Bishop William C. Newman, a native son whose diverse service to the Archdiocese of Baltimore included being a parish priest, superintendent of schools and auxiliary bishop, died May 20 at Mercy Ridge Retirement Community in Timonium. He was 88.
In recent years, Bishop Newman had been slowed by heart and lung issues.
In a statement, Baltimore Archbishop William E. Lori said he had the “blessing of visiting with and anointing Bishop Newman shortly before his death and found him to be the same ever-faithful, joyful, and gentle man he always was. He possessed the humility and peace of a bishop, priest and disciple of Jesus who looked not with fear but with hope and anticipation to meeting Jesus, the Lord of life.”
Bishop Newman was universally loved and admired, the archbishop said, and “will long be remembered for his kind demeanor and his humble and generous service to the faithful of this, his home archdiocese, for so many years.”
A physically imposing figure, he possessed an even keel and gentle touch. His many friends included Father Willie Franken, who was the pastor of St. John the Evangelist in Hydes in 2001, when Bishop Newman took up residence at the parish in rural Baltimore County.
“He was in an Emmaus support group for priests that I ran,” said Father Franken, the pastor of St. Joan of Arc in Aberdeen since 2010. “He became a great friend.
“He often talked about the fact that he didn’t have an education degree when he became (schools) superintendent, and that when he opened a high school seminary, he didn’t feel qualified. His spirit was such that he would say, ‘This is what I was asked to do.’
“He was conscious of serving the people and the church in whatever way he could.”
Bishop Newman’s entire life, it seems, was spent in Baltimore’s Catholic institutions.
William Clifford Newman was born Aug. 16, 1928, at Mercy Hospital. He grew up in Blessed Sacrament Parish on Old York Road, and attended its parish school. His first job was working for the parish as a sexton, cleaning the church, and its hall after parish card parties.
He was the seventh of eight children, and the only boy, born a year before America was plunged into the Great Depression
“My vocation just radiated from my family experience,” Bishop Newman told the Review in 2003, when he turned 75 and formally retired as an auxiliary bishop. When we didn’t have much, we had to share and we looked out for one another.
“I think there was a subtle development that came from serving my sisters and their serving me, looking out for each other, that grew into a concern for serving other people.”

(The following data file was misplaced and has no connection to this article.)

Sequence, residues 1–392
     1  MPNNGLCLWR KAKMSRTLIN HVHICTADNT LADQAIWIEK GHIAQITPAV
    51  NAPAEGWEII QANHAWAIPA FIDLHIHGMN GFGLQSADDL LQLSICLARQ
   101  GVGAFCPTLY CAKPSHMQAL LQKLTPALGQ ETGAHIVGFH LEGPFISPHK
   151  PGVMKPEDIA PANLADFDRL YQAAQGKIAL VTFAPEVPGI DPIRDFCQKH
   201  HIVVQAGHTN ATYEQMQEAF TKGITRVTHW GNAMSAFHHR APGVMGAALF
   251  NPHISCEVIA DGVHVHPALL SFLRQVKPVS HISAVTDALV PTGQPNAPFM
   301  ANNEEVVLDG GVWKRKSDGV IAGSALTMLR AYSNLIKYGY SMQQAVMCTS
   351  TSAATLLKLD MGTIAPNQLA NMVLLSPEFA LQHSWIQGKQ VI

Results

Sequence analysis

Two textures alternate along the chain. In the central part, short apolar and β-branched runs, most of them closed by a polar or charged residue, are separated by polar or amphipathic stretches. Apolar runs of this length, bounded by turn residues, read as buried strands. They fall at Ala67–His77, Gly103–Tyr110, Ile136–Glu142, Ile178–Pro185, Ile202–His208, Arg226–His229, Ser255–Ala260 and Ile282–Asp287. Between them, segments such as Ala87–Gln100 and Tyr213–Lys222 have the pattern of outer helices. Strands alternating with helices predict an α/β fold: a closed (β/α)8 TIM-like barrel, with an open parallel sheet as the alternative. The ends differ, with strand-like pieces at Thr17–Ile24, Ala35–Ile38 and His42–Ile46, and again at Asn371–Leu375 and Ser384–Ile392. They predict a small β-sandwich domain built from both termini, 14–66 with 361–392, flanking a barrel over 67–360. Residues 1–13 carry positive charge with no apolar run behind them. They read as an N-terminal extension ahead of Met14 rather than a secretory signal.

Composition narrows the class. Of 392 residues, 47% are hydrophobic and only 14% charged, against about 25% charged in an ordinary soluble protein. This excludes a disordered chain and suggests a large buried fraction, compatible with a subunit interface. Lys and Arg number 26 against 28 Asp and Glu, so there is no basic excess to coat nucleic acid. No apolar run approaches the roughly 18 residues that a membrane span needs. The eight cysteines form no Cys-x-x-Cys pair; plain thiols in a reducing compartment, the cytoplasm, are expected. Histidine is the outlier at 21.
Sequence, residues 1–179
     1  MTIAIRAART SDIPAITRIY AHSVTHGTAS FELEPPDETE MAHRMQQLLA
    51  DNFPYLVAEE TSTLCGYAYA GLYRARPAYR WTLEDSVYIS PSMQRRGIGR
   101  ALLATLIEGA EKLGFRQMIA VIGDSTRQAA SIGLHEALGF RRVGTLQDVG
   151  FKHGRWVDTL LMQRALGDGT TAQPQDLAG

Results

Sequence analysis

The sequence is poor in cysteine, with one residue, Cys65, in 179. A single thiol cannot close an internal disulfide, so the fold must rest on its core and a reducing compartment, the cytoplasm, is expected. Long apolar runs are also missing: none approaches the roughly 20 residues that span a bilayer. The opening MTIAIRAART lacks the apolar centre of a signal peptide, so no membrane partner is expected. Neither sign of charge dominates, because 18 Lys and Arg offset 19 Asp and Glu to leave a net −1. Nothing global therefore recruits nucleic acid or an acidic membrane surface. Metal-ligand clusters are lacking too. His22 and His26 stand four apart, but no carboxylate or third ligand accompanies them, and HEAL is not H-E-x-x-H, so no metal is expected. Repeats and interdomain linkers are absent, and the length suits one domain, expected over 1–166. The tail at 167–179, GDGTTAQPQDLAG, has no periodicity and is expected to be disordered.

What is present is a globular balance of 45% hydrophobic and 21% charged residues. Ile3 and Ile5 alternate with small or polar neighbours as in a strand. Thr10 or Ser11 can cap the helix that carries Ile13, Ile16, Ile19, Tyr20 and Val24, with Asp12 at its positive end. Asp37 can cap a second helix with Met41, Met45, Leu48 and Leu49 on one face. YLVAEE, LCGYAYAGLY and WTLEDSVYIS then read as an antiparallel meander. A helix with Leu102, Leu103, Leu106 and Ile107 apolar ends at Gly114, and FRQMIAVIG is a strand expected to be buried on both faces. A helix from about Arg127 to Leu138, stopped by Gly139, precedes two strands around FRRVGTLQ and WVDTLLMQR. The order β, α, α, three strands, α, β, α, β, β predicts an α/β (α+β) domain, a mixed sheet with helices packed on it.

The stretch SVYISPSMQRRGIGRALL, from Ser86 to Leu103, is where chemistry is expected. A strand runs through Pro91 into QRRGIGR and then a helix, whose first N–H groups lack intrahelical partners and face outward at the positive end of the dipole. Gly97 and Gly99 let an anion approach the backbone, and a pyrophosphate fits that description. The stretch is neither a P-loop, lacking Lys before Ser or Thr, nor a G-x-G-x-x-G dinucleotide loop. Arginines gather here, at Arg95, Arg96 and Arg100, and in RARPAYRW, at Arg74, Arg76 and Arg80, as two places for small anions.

His sisters included School Sister of Notre Dame Mary Pierre Newman, who died in 2008. Another sister, Catherine Franck, recalled going to the basement, where he had been banished by his parents for bad behavior, and finding him “down there practicing his baseball swing.”
Graduating from Calvert Hall in 1946, he had opportunities to play baseball professionally, but instead entered St. Charles Minor Seminary in Catonsville. He would cite Father Henri Brianceau, a Sulpician priest who had served as a chaplain at Calvert Hall, in helping him choose the priesthood as a vocation.
The Christian Brothers who ran the school supported the notion.
“I don’t know if I should take this as a compliment or not, but they never asked me to be a Brother,” he told the Review in 2003. “They knew I was interested in the priesthood; they always supported me in that, so I was very fortunate. They’re great men.”
Bishop Newman studied philosophy at St. Mary’s Seminary on Paca Street, 1948-50, and earned a licentiate in Theology from The Catholic University of America in Washington, D.C., 1950-54.
He was 25 when he was ordained a priest for the Baltimore Archdiocese by Archbishop Francis P. Keough in the Baltimore Basilica. That was in 1954, the year construction began on the Cathedral of Mary Our Queen in Homeland, where 30 years later he would be ordained an auxiliary bishop.
After brief assignments at St. Augustine in Elkridge and St. Joseph in Taneytown, Bishop Newman spent more than seven years as associate pastor of St. Elizabeth of Hungary in Highlandtown, on the north side of Patterson Park.
The parish had 10,000 people, and 1,400 students in its school. The new priest taught religion to fourth-graders, basketball to the older kids, and, given his family background, was directed by the pastor to care for the Sodality and its Ladies of Charity.
In 1962, he became the first principal of St. Paul’s Latin School, a new day seminary for high school-aged boys. The students included a number of men who would become priests; the staff included Father Victor Galeone, now the bishop emeritus of the Diocese of St. Augustine, Fla.
“Bill Newman was a role model for me,” Bishop Galeone said. “He was one of the finest priests I’ve rubbed shoulders with. I never heard say an unkind word about anyone.”
Bishop Newman was elevated to monsignor in 1965, when he earned a master’s degree in education, administration and supervision from what was then Loyola College. In 1967, Cardinal Lawrence Shehan, the archbishop of Baltimore, asked him to be superintendent of schools for the archdiocese.
“You don’t want me, I’m not a professional educator, I can’t get up and give all those great speeches,” Bishop Newman remembered telling the cardinal in 2003.
“That would be just the reason I want you,” Cardinal Shehan replied.
Bishop Newman took the job as thousands of Baltimore City families were leaving its parishes and schools for suburban counties. He began the painful contraction of the number of Catholic schools in the city.
“Schools were like icons, and it was almost like treason or something to question whether we should continue in the same way,” he told the Review in 2003.
Bishop Newman suffered a heart attack in 1974, just before Archbishop William D. Borders became the 13th archbishop of Baltimore.
He became pastor of Ss. Philip and James near Johns Hopkins University in 1976, and in 1981 was appointed rector of the cathedral. According to a longtime colleague and friend, his stint there was marked by his personal nature – and his recall.
“The very first time I met him,” said Mary D’Ambrogi, a cathedral parishioner, “was after my son, Mark, had served Mass. I introduced myself, and (Bishop) Bill said, ‘Oh, your Mark’s mom.’ I’ll always love him, just for that. Watching him greet people, his memory for names was startling. He would ask about your spouse by name, and your children. He did so with such sincerity.
“His manner made people at the cathedral want to help.”
In 1984, Archbishop Borders had the pleasure of informing him that Pope John Paul II, now a saint, had appointed him to be an auxiliary bishop of Baltimore.